December 29, 2017
On the path of mindfulness, sitting with shame can be one of the most difficult things to do. But once you are able to sit with the uncomfortable feeling and not run away from it, you are getting closer to the gold of the true self – the authentic you.
The pain of shame keeps us constantly moving away from it. Upon closer inspection, however, shame can be found running through us at any given moment so, in truth, we are always running from our Selves. That causes much of our suffering, stress, addictions, and health problems.
I’ve worked with hundred of clients and the first step to a mindfulness practice is discovering this stream of negativity, which we’ve become completely unaware of because the self-hatred self talk has become the norm, not just inside our heads but to our society, often times leaving us stuck as individuals.
It can keep us stuck unless you lean toward being a sociopath or pathological liar, where you feel no shame. It is common that individuals with this tendency survived the pain of their childhoods by adopting a survival strategy of compartmentalizing it. They learned how to deal with their shame by blaming, lying or burying it completely. If they are no longer able to have empathy for themselves, they are not able to have empathy for others. Sometimes this overlying survival personality becomes so concrete they are not able to bridge back to their true selves.
So how can we use shame to our advantage?
Recently, shame has gotten a bad wrap, being labeled as “not being productive or helpful” by Brene Brown. But the Oxford American Writer’s Dictionary defines shame as “the painful feeling of humiliation or distress caused by the consciousness of wrong or foolish behavior,” which is a very useful tool if awareness is brought to it.
Shame can be toxic or shame can be motivating.
Toxic shame plays out something like this. I’m on a diet and while on my diet I “cheat” by eating a cookie. I immediately feel so upset and uncomfortable (ashamed) that I begin to abuse myself by telling myself that I am a loser, that I will never lose weight, and that my peers were right when they called me "fatty" on the playground. I decide that since I’m such a loser, I’m going to eat the whole box of cookies because who cares, I’m already a failure. Maybe I’ll start tomorrow but we all know that most likely the cycle will repeat itself.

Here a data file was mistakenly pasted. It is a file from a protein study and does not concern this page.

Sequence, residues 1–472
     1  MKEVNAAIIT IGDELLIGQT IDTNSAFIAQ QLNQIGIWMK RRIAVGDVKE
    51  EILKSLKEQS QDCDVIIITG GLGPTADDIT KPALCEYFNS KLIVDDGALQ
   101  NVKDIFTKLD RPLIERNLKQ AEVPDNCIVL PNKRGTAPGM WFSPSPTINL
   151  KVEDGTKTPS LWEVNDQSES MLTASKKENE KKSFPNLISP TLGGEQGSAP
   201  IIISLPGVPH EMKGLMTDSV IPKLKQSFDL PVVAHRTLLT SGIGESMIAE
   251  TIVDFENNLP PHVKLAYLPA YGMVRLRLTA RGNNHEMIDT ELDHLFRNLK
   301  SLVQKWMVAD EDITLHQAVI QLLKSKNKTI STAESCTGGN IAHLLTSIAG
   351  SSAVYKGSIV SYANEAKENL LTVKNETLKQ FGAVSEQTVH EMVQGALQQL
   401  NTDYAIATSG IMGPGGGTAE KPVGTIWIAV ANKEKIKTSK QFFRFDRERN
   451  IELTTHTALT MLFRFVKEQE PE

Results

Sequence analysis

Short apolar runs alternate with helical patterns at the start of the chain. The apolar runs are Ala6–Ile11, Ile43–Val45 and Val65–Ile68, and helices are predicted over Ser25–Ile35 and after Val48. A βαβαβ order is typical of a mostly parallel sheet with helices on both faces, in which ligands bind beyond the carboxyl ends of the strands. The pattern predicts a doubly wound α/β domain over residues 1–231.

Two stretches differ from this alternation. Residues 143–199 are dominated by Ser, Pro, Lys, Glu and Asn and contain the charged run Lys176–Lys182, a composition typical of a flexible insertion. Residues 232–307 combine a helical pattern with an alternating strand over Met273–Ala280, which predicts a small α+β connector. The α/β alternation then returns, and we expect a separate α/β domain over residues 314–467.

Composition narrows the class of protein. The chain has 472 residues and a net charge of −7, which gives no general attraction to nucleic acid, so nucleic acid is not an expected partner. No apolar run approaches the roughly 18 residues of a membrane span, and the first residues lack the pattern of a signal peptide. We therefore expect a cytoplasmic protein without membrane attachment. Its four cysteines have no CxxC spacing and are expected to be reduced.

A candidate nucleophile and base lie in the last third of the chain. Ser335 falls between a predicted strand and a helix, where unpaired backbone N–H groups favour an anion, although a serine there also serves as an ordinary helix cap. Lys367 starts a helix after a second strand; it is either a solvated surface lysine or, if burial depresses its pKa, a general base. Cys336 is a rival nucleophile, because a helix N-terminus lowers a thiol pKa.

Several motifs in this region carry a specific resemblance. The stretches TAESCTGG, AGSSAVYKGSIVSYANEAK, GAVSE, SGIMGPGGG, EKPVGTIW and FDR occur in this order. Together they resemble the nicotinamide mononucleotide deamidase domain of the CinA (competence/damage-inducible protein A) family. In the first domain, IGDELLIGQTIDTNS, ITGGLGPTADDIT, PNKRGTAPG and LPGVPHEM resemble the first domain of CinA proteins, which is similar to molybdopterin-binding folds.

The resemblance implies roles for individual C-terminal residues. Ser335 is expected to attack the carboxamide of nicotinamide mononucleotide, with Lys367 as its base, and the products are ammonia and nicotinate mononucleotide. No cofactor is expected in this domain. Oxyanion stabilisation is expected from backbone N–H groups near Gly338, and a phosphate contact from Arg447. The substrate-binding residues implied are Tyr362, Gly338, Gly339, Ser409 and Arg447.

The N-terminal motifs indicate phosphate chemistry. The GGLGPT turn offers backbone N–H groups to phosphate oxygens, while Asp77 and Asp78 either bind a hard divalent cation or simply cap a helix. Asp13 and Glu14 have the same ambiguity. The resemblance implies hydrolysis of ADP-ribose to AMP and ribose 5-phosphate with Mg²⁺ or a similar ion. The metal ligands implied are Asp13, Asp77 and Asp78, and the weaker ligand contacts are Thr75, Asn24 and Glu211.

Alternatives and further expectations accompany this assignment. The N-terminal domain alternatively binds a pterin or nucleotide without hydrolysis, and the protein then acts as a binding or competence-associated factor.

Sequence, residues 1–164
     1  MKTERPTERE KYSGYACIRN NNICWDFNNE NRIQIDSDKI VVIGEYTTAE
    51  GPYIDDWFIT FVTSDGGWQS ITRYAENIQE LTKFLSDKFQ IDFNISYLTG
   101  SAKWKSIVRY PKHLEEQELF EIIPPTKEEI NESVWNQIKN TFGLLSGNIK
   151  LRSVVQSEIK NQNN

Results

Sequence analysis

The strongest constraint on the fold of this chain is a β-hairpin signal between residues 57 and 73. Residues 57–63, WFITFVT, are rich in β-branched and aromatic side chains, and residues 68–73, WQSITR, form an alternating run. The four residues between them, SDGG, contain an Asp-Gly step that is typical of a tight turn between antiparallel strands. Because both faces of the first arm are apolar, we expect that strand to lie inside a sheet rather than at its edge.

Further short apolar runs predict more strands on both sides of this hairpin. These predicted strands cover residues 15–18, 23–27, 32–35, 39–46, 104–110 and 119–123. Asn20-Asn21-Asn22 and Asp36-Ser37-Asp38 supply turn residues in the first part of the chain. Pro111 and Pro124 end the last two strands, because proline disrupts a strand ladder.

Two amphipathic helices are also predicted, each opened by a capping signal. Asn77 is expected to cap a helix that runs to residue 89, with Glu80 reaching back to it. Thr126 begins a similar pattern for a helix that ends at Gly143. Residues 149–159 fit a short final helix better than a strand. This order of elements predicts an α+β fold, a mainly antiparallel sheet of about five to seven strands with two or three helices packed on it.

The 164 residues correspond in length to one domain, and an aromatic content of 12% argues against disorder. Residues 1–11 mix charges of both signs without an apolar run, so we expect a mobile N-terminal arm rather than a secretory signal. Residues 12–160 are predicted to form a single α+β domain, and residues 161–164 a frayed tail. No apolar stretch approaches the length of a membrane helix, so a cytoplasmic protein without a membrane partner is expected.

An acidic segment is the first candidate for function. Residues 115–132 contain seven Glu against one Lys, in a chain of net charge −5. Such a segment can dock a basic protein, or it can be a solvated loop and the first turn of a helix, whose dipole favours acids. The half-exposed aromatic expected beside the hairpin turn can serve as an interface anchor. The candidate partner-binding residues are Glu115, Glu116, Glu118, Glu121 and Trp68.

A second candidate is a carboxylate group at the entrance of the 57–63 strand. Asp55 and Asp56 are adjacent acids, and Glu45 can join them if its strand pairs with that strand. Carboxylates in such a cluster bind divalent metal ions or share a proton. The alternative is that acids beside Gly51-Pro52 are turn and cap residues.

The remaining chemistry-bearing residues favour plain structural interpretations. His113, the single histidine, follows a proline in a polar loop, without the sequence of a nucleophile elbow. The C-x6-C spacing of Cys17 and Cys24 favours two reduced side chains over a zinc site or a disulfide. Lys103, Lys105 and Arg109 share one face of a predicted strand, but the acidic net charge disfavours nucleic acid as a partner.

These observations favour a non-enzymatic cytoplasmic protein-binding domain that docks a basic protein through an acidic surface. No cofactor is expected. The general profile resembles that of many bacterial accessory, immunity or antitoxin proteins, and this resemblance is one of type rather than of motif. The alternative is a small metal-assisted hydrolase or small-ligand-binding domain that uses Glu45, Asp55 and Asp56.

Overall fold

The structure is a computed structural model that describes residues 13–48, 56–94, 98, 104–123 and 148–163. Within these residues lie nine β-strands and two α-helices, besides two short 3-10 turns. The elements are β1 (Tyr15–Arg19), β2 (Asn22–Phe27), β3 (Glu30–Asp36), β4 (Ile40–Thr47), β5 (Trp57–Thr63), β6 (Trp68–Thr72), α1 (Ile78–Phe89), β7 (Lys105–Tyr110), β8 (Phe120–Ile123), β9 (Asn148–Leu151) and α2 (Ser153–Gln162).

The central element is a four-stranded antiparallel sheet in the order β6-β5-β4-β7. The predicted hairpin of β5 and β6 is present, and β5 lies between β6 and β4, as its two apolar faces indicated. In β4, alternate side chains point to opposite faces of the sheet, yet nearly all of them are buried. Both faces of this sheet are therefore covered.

In this example, you can replace the cookie with alcohol, drugs, sex, shopping, work, etc., whatever vice you use to run from yourself. Shame is a part of who we are, so to label it as bad and unproductive is keeping us from a vital part of ourselves.
Let’s use the same example and see how a healthier response to shame can play out. I eat a cookie while dieting. I stop to notice the uncomfortable feelings coming up and sit with them. I notice how my thoughts begin to attack me, shaming me. I take a deep breath and remind myself I am not my thoughts. I let them go or I tell myself that eating one cookie is not complete failure. I am human. I’ve been doing a good job and I walk away from the cookie jar and have a glass of water instead.
This might seem rudimentary but it’s actually an advanced skill. To be able to do this, one needs to have some experience of hearing one’s thoughts, not believing every thought to be true and trusting that replacing negative thoughts with positive thoughts is equally valid and real. “The observer" inside would need to have been developed through meditation.
Taking it one step further, shame can be used as motivation. Let’s use the dieting example one more time. Now I’m on a diet and I think that a cookie sounds really good. I stop and imagine how I will feel after eating the cookie and decide I don’t want to feel that way. So I don’t eat the cookie. I drink a glass of water instead. I skip the whole process knowing I don’t want to feel the cycle of shame.
Once you reach this level of awareness, shame becomes a motivating tool. You realize shame has no value, so you begin to make conscious decisions to not feel shame.
But we are all human and shame will show up in buried areas. With a lot of practice, once it does, you will quickly feel it, acknowledge it and share it. Yes, share it.
I know this feels like annihilation but once you know yourself well, you will understand that you are not your feelings or thoughts and both are tools for greater consciousness. By sharing your shame, it will be gone before it takes root and has you acting out from subconscious patterning often times sabotaging the very thing you most desire. This is true freedom.
Befriend your shame, stop running from it, everyone has it, use it to motivate you to make better choices and a whole new world will open up to you. It is the world of pure liberation and once you discover it, there is nothing you can’t do or be.